Lafferton is an English cathedral town, where at first sight only the ordinary urban things seem to be wrong: a diagnosis of cancer, drugs being sold under the overpass, a few too many con artists among the “faith healers” and “psychic surgeons” and crystal-readers. But then an ordinary, middle-aged woman goes missing without a trace during her morning jog, and then a young woman disappears during a walk on the hill. When a third person also disappears, the police — including DC Freya Graffham and her boss, the intensely private Simon Serrailler — are frantic to solve the case. Something very dark is doing its work in Lafferton, and it has to be stopped.
You have to admit, this plot sounds like a can’t-lose proposition, and if it sounds like it’s for you, please don’t read any further — go right out and snap up Susan Hill’s The Various Haunts of Men. Her writing is pretty solid, and even though it was somewhat predictable, I don’t mind that — the characterization is not bad, so if this sounds like you, you’re probably not going to go far wrong. But I’m afraid I found this book intensely irritating, and I’m about to tell you why. [Warning: possible mild spoilers ahead.]
Some time ago, I stopped watching Law and Order, a show I used to enjoy, because I began to twig to the fact that the victims on that show were disproportionately (and in the case of one of the spin-offs, 100%) female. I got really sick of seeing woman after woman, from no matter what walk of life and in no matter what situation, become vulnerable and victimized for entertainment’s sake. Hill’s book suffers the same problem. Even though one of the victims of the serial killer is male, he’s never mentioned or investigated — only the women are important, because it’s scarier to have women be vulnerable and frightened. This type of sexism is too easy. The book is also dotted with casual racism (the DS in charge of the investigation is asked where a (white) suspect did his medical training, and responds, “In London and China, boss. Does he have a pigtail and all?” Huh???) and taken-for-granted slurs against overweight women, assuming that if you weigh an extra twenty pounds, it must naturally be the cause of intractable depression.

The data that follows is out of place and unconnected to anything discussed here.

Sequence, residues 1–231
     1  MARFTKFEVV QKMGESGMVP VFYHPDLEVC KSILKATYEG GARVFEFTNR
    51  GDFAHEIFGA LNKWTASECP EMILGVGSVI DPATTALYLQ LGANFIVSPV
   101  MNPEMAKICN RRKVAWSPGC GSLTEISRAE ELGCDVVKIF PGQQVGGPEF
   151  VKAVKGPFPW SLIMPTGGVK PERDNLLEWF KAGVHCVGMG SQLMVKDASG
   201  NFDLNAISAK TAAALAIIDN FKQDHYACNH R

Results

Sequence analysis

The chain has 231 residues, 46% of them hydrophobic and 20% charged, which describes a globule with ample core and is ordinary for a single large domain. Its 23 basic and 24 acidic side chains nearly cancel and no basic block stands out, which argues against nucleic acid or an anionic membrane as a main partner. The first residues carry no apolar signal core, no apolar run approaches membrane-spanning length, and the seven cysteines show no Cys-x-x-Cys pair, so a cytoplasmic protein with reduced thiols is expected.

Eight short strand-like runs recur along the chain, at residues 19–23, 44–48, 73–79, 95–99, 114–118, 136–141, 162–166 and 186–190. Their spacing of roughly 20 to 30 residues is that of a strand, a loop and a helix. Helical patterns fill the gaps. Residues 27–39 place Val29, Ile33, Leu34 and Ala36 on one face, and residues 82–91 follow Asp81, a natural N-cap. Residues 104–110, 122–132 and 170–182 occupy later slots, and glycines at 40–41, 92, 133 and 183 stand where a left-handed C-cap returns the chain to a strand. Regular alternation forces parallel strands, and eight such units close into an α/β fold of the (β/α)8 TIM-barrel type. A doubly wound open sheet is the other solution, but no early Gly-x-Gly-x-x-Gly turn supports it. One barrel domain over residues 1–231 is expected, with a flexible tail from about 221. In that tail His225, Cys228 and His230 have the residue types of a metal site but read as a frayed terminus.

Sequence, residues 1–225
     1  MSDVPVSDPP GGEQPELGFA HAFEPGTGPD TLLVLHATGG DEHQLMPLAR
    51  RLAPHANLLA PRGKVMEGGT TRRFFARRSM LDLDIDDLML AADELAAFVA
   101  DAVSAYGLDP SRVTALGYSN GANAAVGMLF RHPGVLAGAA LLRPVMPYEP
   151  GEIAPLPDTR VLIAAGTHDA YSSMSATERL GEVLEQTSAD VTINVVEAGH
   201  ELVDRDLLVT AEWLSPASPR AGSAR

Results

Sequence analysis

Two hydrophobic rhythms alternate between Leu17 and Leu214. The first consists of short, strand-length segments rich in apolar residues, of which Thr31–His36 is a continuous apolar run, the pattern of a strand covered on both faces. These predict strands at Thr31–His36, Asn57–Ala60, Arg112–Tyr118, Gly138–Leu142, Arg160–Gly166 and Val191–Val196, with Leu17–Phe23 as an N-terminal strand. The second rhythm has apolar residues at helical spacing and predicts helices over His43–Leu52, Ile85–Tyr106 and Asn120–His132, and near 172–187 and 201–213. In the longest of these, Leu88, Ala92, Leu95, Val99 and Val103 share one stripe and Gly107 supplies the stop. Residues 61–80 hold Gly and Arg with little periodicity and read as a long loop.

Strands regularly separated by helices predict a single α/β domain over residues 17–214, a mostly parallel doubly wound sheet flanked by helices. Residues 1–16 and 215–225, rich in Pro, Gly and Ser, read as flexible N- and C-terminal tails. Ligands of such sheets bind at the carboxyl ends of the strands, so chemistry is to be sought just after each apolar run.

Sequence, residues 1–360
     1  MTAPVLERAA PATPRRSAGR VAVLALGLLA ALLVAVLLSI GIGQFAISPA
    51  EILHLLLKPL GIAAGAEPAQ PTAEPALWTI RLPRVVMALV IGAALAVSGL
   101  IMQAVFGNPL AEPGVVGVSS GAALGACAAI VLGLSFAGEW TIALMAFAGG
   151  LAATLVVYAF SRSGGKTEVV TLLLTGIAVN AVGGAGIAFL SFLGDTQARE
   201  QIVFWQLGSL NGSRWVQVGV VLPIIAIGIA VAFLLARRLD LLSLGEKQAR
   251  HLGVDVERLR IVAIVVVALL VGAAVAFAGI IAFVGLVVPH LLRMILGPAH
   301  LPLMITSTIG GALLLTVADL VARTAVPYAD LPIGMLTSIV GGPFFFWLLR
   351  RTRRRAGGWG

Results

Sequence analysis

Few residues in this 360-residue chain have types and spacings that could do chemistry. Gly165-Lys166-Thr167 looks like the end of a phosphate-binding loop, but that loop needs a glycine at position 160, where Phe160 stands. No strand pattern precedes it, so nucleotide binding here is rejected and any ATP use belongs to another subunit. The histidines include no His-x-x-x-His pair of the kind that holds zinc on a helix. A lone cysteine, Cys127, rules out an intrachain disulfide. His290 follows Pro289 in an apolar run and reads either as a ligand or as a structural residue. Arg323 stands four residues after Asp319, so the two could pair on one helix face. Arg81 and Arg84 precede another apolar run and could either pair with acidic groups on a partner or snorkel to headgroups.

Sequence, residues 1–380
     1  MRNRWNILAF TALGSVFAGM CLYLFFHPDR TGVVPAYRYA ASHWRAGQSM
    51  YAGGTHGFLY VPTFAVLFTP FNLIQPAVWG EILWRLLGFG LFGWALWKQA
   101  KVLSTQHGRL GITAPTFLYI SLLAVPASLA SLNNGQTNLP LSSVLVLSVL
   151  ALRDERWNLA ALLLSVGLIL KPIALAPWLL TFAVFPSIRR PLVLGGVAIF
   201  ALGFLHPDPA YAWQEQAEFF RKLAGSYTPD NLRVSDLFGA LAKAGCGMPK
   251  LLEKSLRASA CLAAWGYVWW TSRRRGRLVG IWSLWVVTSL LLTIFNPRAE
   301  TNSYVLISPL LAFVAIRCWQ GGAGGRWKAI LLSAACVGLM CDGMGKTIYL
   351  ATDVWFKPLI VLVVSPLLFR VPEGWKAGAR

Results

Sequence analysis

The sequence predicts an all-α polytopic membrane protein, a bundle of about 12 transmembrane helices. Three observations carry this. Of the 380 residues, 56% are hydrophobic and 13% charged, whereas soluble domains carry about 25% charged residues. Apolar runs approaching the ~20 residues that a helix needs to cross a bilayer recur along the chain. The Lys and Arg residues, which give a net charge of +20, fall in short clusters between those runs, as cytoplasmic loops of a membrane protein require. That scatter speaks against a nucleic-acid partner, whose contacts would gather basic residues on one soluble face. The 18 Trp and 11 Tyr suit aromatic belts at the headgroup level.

I was also mystified by the book jacket’s calling this a “Simon Serrailler mystery.” All the detection, both brainwork and legwork, on this case is done by Freya Graffham. Her boss gives her the go-ahead, but he is working on a different case and provides no more than official support. Hill tells us (boy, does she tell us) that Serrailler is interesting, charming, a heartbreaker — but we were shown none of that. I for one love a blond-scion-of-a-noble-house, and have fallen for many in my time (see Lord Peter Wimsey, Albert Campion, and Francis Crawford of Lymond for a start), but Simon Serrailler gave nothing of himself away. He just seemed selfish.
And finally — and perhaps most unforgivably — there were a hundred loose ends. What about the woman with cancer? What about the psychic surgeon? What about the drug case? These elements are introduced and then left dangling, as if they never mattered except to advance the main plot. I love a complex plot with many threads, but if you can’t weave them all in, don’t introduce them to the pattern in the first place.
I wish I’d enjoyed this book more. I expected to. Probably it was just not a good fit for me, and I’m sure others will love it.